Tara:

I think patience is probably number one. You really patient because to really build a great business, it doesn’t happen overnight. So patience is huge and tenacity. So even when things, you know, may not go your way, which will definitely happen. Um, no matter how long you’ve had your business, it just happens. And that’s just how it’s just like life, how that works. But being tenacious and sticking to it. And, um, I, in a perfect world, the business that you start is something that you’re passionate about and excited about. For me, fashion / beauty, it was like, it’s like, it was more of a hobby, especially doing makeup. That was a hobby. I didn’t really know. You can have a well-respected career being an actual makeup artist and then actually having a company where you can offer a team. I mean, this was all kind of just in my heart. I knew I could do it, but I didn’t know how it would be received. So being tenacious and people would say me all the time, I’m like, you’re such a cute little makeup artist. Like, no, no, no on the business, like correcting them. And like I said, in sticking with it, um, I would say, and you know, not afraid to take chances. You have to take a lot of chances. You have to be willing to fail. Um, and then take that, learn from it and pick yourself up and figure it out.

Mimi:

That’s awesome. That’s awesome. How long were you doing being a makeup artist before you switched? Like, to actually starting your own?

Tara:

So I’ve been a makeup artist over 20 years, about 23 years, I’ve been a makeup artist and my company, this March turned 12 years old. So the entire time I was working with brands and I worked with Bobby Brown and Shu Uemura for total of about 10 and a half years. And the whole time I freelanced on my own. So I always, because I took opportunities that would come in, whether it was for an award show, cause I did a lot of great fashion shows and a lot of really cool things with the brands. But someone would ask me to do say a cool photo shoot or a wedding, and I wanted to do it. So that I guess started me freelancing on my own was a little bit of, you know, obviously it is being an entrepreneur. And then I got to the point, I think, where I just didn’t want to turn down amazing opportunities to flex my creative muscles any longer. And I also recognize that I’m one person, so I can only do so much on my own. So when I started my company, I brought on me and two makeup artists that I’ve worked with for years that I trusted and you know, anyone bringing on the team, making sure the best representation of your brand and what you want to put out there that’s extension of you. Right. And so, um, my first year of just me and two artists, my second year, I added two hairstylists cause I realized that was a piece of the puzzle that really needed to happen. It’s just always figuring out how to meet the needs of your clients that are the moments where like, of course it is like almost common sense. I feel like we’re the most successful. We just don’t realize.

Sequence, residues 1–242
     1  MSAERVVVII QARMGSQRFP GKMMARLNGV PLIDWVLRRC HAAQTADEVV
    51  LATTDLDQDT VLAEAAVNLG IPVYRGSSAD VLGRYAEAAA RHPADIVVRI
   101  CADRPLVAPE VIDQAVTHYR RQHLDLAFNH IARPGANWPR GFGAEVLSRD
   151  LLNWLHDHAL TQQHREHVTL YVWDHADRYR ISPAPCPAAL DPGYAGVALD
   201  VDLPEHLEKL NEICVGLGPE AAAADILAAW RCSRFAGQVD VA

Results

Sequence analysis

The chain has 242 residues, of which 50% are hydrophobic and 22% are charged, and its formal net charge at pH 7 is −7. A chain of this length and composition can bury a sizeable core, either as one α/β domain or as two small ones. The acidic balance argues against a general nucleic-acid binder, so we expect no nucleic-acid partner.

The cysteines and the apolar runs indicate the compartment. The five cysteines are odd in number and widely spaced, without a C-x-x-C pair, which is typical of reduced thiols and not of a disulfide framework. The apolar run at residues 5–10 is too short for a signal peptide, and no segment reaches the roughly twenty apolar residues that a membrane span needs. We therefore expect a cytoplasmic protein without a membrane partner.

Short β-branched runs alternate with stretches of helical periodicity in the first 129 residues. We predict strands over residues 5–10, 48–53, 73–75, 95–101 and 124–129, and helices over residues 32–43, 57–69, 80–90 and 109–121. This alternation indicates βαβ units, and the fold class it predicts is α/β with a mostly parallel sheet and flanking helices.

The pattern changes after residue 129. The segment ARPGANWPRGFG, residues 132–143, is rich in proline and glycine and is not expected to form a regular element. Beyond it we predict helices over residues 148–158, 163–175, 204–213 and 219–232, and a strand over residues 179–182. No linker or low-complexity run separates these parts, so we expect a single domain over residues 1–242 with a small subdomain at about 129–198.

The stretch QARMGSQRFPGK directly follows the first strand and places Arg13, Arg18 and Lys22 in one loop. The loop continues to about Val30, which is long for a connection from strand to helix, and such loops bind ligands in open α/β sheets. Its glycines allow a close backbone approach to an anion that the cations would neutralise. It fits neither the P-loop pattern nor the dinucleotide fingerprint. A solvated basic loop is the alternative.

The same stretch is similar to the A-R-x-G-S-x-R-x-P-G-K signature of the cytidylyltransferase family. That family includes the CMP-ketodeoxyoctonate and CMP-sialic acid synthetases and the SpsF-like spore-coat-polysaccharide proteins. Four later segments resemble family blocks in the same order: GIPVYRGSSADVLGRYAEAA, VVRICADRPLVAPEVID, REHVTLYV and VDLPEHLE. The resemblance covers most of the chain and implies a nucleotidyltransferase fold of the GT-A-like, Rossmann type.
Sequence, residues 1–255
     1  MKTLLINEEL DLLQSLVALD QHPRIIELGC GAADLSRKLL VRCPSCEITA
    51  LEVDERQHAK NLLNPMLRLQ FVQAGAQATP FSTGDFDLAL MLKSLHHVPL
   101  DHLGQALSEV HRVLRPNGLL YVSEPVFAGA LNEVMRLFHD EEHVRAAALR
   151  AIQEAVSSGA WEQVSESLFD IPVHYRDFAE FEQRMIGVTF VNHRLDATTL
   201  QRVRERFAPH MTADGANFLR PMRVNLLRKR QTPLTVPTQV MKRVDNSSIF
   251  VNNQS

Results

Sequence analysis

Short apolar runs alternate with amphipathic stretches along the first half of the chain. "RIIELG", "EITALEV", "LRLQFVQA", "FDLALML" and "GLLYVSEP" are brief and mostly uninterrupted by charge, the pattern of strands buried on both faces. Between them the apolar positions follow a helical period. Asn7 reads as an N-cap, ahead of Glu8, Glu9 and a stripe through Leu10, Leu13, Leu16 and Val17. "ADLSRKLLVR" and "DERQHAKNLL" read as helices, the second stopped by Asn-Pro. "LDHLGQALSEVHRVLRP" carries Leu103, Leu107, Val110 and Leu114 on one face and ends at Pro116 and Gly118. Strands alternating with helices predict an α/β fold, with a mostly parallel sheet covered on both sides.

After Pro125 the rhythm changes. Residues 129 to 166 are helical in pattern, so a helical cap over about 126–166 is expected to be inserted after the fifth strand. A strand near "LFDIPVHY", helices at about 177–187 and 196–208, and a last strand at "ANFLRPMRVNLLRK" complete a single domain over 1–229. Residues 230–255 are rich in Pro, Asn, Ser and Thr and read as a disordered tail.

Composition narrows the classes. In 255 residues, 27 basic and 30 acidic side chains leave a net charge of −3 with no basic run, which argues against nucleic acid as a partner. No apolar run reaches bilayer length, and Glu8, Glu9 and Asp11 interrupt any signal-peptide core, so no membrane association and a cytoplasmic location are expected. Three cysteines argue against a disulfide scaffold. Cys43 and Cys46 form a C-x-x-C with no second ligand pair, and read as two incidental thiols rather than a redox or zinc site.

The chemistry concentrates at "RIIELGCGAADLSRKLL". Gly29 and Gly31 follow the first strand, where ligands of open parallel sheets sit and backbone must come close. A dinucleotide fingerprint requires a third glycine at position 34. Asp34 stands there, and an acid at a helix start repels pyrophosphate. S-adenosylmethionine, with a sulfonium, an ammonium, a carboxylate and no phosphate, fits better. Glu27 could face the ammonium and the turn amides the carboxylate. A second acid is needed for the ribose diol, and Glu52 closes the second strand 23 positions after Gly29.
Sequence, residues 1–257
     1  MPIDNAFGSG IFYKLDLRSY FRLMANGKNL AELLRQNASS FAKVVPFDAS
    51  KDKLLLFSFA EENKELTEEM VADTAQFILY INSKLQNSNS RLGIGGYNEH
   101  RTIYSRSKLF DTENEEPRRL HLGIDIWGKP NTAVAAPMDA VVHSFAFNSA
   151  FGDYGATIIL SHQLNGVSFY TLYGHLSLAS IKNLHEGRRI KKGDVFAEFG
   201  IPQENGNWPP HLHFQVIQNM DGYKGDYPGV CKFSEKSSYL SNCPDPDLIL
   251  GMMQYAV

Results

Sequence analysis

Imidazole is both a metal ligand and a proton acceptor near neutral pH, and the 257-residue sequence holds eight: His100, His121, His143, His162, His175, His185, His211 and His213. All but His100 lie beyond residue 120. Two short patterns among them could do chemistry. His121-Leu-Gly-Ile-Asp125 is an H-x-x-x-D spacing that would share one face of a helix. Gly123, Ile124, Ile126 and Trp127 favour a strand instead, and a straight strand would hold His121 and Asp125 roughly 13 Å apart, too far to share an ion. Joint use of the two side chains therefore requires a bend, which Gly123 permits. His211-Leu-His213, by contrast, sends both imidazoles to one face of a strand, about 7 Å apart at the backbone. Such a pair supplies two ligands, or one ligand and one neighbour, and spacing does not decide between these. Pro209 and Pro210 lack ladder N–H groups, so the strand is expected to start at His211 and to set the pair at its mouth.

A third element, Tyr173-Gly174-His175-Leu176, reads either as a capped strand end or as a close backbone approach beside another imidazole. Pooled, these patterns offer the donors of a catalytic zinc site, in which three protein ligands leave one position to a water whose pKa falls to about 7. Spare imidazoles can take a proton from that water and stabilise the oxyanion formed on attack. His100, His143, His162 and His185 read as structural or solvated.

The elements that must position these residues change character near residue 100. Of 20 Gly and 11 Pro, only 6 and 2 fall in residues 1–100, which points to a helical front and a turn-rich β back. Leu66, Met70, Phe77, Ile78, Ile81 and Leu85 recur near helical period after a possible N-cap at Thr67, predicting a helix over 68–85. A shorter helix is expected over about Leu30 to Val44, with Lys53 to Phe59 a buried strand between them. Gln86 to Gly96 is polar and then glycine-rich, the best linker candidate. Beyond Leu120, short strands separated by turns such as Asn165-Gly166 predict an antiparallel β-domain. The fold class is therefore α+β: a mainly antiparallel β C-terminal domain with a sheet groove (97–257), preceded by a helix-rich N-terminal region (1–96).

Mimi:

Right. That makes sense. But as you kept growing, how did you make sure that you were, um, brand or your look like, do you train new your new employees or how did you make sure they didn’t kind of do something different than what you want to see in a brand?

Tara:

As artists, as hairstylists, I don’t ever want to take away from someone’s creativity. So I feel like when a brand, if it’s too cookie cutter, you’re, you’re not really empowering your people, so you give them guidance. But I’m kind of an observer that’s the word I was looking for I’m an observer. So over the multiple years that I had been doing with the brands, I would be on bookings. And I would notice really amazing people, make little notes, make little notes. And so, as I wanted to grow my brand, I would ask, so I had my tried and true, right, the first two makeup artists, the first two hairstylists and then, um, few people on my own that I knew would want to reach out to. And then I would ask them, do they knowing how we are knowing our clientele, knowing our aesthetic, do they, and our personalities, do they know someone who’s great? And then I would meet with them and talk to them and really versus me just jumping in and telling them everything, I would really just listen about what they were about and their style and their aesthetic and the way they work and timing and all that. And when I listened to that, I didn’t have to tell them really what I was looking for. They were telling me not knowing not being schooled ahead of time. And so, and personality, cause what we do is so intimate, personalized that it was like, that was a huge part. So I’m always about meeting people in person. This is what was going on right now. A little different.

Mimi:

That’s super smart. Yeah. That’s really, that’s really interesting. Is there anything that you wish you knew before you started your business? Any big surprises?

Tara: